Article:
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Supreme Court, Appellate Division, Fourth Department, New York.

PEOPLE of the State of New York, Respondent, v. Wardale WOODS, Appellant.

Decided: April 25, 1997

Before PINE, J.P., and LAWTON, CALLAHAN, DOERR and FALLON, JJ. Linda S. Reynolds by Vincient Gugino, Buffalo, for Appellant. Frank J. Clark, III by Joseph Notaro, Buffalo, for Respondent.

 Defendant contends that the evidence is legally insufficient to support his conviction of robbery in the first degree as an accomplice.   We disagree.  “Accessorial liability requires only that defendant, acting with the mental culpability required for the commission of the crime, intentionally aid another in the conduct constituting the offense” (People v. Johnson, 142 A.D.2d 952, 530 N.Y.S.2d 378, lv. denied 72 N.Y.2d 1046, 534 N.Y.S.2d 945, 531 N.E.2d 665;  see, People v. Flagg, 180 A.D.2d 813, 580 N.Y.S.2d 417).  Viewed in the light most favorable to the People (see, People v. Williams, 84 N.Y.2d 925, 926, 620 N.Y.S.2d 811, 644 N.E.2d 1367), the evidence establishes that defendant intentionally aided the principals in their commission of the crime (see, People v. Jackson, 44 N.Y.2d 935, 408 N.Y.S.2d 315, 380 N.E.2d 147).   We further conclude that the verdict is supported by the weight of the evidence (see, People v. Bleakley, 69 N.Y.2d 490, 495, 515 N.Y.S.2d 761, 508 N.E.2d 672).

 Supreme Court properly denied defendant's request for a missing witness charge.   Although defendant met his initial burden of showing that the witness was knowledgeable about a material issue and would be expected to testify favorably to the People (see, People v. Gonzalez, 68 N.Y.2d 424, 427, 509 N.Y.S.2d 796, 502 N.E.2d 583), the People established that the witness, who was on military duty in Wisconsin at the time of trial, was unavailable to them (see, People v. Gonzalez, supra, at 428, 509 N.Y.S.2d 796, 502 N.E.2d 583;  People v. Skaar, 225 A.D.2d 824, 638 N.Y.S.2d 846, lv. denied 88 N.Y.2d 854, 644 N.Y.S.2d 700, 667 N.E.2d 350).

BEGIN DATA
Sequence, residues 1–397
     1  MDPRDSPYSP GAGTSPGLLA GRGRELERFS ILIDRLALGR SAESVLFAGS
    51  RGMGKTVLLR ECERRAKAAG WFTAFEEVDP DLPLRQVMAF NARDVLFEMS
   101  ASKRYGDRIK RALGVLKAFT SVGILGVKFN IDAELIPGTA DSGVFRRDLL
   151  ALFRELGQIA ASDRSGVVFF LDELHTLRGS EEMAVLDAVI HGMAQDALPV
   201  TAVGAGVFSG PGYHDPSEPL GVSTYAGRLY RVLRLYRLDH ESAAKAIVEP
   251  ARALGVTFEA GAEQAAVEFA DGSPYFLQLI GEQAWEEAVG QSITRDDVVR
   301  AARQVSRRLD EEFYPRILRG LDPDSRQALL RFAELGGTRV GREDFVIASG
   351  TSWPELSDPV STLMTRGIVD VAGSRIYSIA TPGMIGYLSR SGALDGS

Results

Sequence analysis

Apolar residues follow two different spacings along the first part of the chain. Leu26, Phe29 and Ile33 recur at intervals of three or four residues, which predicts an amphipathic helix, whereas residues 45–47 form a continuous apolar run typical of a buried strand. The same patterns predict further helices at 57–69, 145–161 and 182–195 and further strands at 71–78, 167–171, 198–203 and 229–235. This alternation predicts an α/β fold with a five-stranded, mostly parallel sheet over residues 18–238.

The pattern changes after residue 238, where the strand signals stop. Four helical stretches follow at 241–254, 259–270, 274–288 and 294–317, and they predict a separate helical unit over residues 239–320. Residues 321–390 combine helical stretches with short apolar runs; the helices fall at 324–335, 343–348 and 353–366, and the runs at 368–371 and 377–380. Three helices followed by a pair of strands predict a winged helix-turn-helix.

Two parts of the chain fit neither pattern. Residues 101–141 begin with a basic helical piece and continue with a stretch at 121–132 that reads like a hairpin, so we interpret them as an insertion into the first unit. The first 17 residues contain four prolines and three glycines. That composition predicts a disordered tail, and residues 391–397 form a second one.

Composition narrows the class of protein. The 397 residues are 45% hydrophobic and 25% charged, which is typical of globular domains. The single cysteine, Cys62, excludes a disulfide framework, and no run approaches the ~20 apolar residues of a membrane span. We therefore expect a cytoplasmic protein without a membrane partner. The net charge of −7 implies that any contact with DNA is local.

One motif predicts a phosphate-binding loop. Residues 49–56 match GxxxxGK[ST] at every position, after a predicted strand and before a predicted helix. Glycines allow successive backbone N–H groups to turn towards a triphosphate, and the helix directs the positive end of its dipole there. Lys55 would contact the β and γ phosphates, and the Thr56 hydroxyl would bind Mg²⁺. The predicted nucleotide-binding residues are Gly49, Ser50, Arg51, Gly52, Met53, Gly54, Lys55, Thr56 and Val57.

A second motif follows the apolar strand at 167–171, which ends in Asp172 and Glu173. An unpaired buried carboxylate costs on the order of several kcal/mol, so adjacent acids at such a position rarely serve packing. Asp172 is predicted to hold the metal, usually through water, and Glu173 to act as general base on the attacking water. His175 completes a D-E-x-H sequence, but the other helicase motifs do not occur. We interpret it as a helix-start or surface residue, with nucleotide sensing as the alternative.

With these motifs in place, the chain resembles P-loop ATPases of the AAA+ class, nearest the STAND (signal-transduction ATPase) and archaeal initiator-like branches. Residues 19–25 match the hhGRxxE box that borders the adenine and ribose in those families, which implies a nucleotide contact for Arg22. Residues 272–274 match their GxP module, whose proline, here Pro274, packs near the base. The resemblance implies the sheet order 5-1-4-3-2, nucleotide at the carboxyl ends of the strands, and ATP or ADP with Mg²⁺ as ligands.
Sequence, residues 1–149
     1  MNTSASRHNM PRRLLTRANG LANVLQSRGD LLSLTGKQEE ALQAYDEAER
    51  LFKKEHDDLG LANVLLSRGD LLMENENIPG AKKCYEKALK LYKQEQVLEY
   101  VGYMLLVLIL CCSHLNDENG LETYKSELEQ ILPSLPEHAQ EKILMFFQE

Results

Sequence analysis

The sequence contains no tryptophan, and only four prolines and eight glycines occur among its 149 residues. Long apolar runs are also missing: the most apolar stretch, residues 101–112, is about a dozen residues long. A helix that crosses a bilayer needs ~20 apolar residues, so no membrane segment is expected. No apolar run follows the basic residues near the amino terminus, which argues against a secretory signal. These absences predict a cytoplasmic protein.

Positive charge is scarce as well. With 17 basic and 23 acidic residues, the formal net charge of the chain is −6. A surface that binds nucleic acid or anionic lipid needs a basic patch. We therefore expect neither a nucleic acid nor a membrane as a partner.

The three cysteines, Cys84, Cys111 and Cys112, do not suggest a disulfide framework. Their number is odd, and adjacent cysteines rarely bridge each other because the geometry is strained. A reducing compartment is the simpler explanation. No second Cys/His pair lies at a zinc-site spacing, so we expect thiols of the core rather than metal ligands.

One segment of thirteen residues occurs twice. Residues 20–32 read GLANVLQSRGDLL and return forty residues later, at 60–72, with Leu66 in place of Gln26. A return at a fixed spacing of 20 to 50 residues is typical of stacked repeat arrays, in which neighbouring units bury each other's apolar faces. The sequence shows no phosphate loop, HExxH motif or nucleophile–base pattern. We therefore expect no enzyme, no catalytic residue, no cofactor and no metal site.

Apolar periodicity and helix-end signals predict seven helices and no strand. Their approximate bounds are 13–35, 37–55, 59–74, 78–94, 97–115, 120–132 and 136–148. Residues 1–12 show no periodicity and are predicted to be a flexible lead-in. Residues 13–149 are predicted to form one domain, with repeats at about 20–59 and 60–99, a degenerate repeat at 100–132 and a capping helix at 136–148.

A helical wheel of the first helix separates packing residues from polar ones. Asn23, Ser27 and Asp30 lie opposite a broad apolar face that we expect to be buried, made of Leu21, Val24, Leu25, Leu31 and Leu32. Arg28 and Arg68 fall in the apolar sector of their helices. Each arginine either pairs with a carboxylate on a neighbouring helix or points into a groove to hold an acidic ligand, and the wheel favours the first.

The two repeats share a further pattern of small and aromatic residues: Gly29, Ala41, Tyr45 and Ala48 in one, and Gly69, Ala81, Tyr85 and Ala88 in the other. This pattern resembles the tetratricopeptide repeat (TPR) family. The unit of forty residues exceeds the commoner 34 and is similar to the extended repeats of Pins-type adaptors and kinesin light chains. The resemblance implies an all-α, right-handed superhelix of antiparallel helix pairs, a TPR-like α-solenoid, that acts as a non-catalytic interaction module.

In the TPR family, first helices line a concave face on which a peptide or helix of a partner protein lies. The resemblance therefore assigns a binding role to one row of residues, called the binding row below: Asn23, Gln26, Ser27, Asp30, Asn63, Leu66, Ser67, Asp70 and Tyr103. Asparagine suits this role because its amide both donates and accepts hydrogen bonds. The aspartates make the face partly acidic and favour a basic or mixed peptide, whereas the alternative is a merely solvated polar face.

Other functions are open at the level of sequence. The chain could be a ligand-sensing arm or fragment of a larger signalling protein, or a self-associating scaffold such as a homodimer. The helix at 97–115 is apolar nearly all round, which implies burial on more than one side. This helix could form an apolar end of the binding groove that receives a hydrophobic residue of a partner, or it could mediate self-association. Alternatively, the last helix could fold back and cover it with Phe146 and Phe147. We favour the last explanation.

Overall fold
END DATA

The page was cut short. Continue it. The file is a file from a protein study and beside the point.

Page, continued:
The court also properly denied the request of defendant for a charge concerning the voluntariness of a statement he made to the arresting officer about cocaine found in the car that he was driving.  “Because defendant failed, during the trial, to raise a factual dispute by adducing evidence or otherwise contending that the statement was involuntarily made, the trial court was not required to submit the issue to the jury” (People v. Conway, 186 A.D.2d 1050, 588 N.Y.S.2d 491, lv. denied 81 N.Y.2d 761, 594 N.Y.S.2d 723, 610 N.E.2d 396;  see, People v. Betances, 165 A.D.2d 754, 564 N.Y.S.2d 269, lv. denied 76 N.Y.2d 1019, 565 N.Y.S.2d 769, 566 N.E.2d 1174;  cf., People v. Holder, 214 A.D.2d 682, 625 N.Y.S.2d 590).

 We reject the further contention of defendant that the court should have granted his motion to suppress showup identification evidence.   Defendant was identified at the crime scene by the store clerk approximately one hour and 20 minutes after the robbery.   Under the circumstances, the identification procedure was not improper (see, People v. Ortiz, 232 A.D.2d 180, 648 N.Y.S.2d 75;  People v. Wells, 221 A.D.2d 281, 634 N.Y.S.2d 462, lv. denied 87 N.Y.2d 978, 642 N.Y.S.2d 207, 664 N.E.2d 1270;  People v. Maybell, 198 A.D.2d 108, 603 N.Y.S.2d 161, lv. denied 82 N.Y.2d 927, 610 N.Y.S.2d 179, 632 N.E.2d 489).

Finally, upon our review of the record, we conclude that the sentence is neither unduly harsh nor severe (see, CPL 470.15[6][b]).

Judgment unanimously affirmed.